2. Task-Specific Leadership

When appointed for a specific task, it’s essential to identify the particular phase or part of the task that you will be leading. This involves gauging the duration of your involvement and pinpointing the exact outcomes for which you will be accountable. By doing so, you ensure that your leadership is targeted and effective, fostering a sense of trust and reliability within your team.

3. Commitment During Uncertain Tenure

In situations where your reappointment is uncertain, it’s vital to remain dedicated to the vision, values, and mission of the company. During your term, regardless of its length, your leadership outcomes should be clear and well-defined. This commitment to the company’s ethos, even in the face of uncertainty, is a testament to your dedication and integrity as a leader. If you stake the claim to the vision as a team effort this will help your team advocate the continuation of the vision no matter who exits and enters the team.

4. Founder’s Dedication

As a founder, your dedication should be rooted in your own values and vision. You should pledge to do everything within your power to establish a sustainable plan for the future, even after your departure. This commitment to long-term success, rooted in your personal vision, is a powerful demonstration of your leadership and commitment to the organisation’s future.

5. Commitment to Followers

A crucial aspect of leadership is your commitment to your followers. This involves promising to do the best you can for them during your tenure. This commitment, whether it’s supporting their professional growth or ensuring their well-being, fosters a sense of trust and loyalty among your team members.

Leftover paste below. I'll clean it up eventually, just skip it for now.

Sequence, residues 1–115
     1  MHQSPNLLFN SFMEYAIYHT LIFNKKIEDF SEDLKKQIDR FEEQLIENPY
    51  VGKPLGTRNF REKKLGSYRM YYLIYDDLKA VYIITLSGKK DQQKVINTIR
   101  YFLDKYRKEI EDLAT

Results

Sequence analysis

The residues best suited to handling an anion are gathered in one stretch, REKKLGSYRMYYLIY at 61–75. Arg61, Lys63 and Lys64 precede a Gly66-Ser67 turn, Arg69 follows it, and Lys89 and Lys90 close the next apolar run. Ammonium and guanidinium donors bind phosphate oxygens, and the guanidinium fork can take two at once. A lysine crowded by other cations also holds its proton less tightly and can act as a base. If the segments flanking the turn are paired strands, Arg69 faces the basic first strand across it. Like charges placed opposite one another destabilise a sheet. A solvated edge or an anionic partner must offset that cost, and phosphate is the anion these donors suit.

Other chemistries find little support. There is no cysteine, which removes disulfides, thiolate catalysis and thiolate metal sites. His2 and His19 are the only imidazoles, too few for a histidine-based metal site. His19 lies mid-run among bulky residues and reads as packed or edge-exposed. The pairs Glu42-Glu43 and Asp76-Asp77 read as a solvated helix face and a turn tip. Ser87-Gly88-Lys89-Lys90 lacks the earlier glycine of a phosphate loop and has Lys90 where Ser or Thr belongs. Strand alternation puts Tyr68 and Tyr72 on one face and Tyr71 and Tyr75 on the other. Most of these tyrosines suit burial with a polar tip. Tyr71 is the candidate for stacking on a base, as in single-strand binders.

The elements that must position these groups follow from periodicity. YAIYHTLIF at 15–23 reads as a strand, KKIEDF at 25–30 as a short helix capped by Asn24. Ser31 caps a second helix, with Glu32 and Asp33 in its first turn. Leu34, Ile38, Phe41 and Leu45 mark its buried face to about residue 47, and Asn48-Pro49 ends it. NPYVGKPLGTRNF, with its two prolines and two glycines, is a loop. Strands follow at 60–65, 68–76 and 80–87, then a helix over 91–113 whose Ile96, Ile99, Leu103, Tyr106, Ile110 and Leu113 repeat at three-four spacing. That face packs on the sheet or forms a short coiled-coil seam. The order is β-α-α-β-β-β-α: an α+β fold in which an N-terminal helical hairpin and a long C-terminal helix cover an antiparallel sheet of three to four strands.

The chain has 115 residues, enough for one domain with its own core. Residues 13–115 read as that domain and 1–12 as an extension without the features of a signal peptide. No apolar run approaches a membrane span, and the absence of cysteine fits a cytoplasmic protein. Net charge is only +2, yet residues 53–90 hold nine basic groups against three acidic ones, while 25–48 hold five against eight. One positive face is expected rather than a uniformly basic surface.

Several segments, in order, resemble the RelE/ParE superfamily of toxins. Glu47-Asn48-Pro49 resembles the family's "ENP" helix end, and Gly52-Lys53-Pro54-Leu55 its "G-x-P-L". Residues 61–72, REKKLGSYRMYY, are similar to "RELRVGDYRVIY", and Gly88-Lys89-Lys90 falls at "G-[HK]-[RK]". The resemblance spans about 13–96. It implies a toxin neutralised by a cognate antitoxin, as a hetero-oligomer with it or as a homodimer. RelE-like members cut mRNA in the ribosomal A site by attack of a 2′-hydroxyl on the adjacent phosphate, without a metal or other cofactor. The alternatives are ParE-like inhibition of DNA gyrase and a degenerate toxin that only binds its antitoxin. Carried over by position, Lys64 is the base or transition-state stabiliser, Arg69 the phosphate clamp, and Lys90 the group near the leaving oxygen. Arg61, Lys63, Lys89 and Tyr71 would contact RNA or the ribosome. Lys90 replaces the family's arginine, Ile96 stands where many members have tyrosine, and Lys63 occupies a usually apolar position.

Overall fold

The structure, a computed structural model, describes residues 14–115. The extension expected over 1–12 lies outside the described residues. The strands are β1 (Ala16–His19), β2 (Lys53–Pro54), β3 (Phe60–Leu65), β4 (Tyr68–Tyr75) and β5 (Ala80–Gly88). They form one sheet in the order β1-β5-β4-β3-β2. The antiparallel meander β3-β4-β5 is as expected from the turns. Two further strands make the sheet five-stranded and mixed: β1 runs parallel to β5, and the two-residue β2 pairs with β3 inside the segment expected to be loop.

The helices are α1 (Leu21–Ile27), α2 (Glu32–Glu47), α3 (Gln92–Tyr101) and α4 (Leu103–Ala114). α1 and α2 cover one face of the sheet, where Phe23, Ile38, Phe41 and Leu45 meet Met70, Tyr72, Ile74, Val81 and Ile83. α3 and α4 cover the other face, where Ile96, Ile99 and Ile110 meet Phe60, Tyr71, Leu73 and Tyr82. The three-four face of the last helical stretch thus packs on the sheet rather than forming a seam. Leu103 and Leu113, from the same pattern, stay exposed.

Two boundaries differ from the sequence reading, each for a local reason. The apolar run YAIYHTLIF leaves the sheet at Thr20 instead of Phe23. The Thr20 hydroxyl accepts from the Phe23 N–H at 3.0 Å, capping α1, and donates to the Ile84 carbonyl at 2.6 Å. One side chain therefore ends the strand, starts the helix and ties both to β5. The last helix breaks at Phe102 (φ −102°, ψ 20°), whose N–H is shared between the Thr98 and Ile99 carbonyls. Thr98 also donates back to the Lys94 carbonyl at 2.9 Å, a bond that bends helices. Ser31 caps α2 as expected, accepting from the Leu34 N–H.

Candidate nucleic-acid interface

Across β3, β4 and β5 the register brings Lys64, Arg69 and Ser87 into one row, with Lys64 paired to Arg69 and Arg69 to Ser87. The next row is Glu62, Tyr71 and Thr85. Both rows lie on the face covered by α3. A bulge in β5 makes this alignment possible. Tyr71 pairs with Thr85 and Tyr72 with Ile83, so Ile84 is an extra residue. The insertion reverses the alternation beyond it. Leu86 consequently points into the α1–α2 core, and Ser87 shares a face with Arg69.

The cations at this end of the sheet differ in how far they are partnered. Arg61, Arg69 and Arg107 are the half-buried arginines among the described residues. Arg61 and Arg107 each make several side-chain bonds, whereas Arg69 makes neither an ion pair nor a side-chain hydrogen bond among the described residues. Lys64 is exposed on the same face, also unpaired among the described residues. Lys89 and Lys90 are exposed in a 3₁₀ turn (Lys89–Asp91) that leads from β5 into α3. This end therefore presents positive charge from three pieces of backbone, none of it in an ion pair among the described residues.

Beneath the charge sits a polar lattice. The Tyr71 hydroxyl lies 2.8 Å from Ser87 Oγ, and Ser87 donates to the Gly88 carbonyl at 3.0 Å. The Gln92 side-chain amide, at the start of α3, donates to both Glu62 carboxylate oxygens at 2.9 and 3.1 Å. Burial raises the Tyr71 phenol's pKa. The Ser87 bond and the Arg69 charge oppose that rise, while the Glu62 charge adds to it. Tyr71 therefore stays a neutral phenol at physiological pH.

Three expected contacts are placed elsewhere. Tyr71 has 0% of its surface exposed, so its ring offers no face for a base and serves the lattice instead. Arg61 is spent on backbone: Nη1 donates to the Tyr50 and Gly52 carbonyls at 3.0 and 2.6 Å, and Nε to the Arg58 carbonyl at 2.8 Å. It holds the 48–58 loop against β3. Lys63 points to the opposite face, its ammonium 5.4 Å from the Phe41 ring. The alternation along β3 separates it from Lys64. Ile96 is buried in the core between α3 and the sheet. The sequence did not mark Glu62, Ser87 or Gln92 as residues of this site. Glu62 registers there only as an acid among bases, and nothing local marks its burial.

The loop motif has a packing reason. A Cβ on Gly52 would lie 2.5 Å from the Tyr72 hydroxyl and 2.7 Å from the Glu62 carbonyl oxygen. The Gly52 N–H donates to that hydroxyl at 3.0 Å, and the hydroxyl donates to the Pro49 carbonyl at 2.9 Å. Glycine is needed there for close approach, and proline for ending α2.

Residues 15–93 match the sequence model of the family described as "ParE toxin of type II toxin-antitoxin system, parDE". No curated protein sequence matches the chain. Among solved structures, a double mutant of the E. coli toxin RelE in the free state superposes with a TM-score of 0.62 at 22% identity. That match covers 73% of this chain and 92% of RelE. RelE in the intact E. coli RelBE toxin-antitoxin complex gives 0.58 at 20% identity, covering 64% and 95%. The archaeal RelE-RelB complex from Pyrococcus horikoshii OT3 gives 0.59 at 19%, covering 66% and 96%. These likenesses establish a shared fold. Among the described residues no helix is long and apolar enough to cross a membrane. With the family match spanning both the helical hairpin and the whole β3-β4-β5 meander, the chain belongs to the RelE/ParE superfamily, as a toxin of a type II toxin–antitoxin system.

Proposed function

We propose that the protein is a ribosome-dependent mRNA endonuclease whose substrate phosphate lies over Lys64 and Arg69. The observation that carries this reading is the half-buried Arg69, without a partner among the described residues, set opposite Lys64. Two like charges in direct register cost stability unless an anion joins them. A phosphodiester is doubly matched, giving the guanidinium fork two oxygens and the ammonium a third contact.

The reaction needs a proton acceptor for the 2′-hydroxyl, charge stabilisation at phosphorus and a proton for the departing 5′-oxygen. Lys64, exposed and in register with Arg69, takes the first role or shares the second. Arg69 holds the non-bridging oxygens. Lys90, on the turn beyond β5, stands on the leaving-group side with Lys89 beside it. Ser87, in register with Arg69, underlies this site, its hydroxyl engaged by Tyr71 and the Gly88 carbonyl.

6. Unwavering Dedication

Regardless of the duration of your term as a leader, it’s important to commit to doing your absolute best. This unwavering dedication, irrespective of the circumstances, is a testament to your resilience and commitment as a leader. It sends a strong message to your team about your dedication and reliability, fostering a sense of trust and respect.

Your followers will sense your level of commitment

In retrospect, the new leader could have positioned her commitment to two years with a clear vision of her legacy. Then set out what she could do for her followers at that time.

If you lead your team it’s vital you position your commitment.  If you doubt your commitment to any role, no matter how long it is then your followers will pick this up.  What is true for everyone, whether in a leadership role or not, is if you doubt your propensity to stay the course, then simply commit yourself for a day at a time.  In that way, you will retain your focus as will those around you.

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I help leaders develop self- mastery, helping them to become confident in their own inner guidance.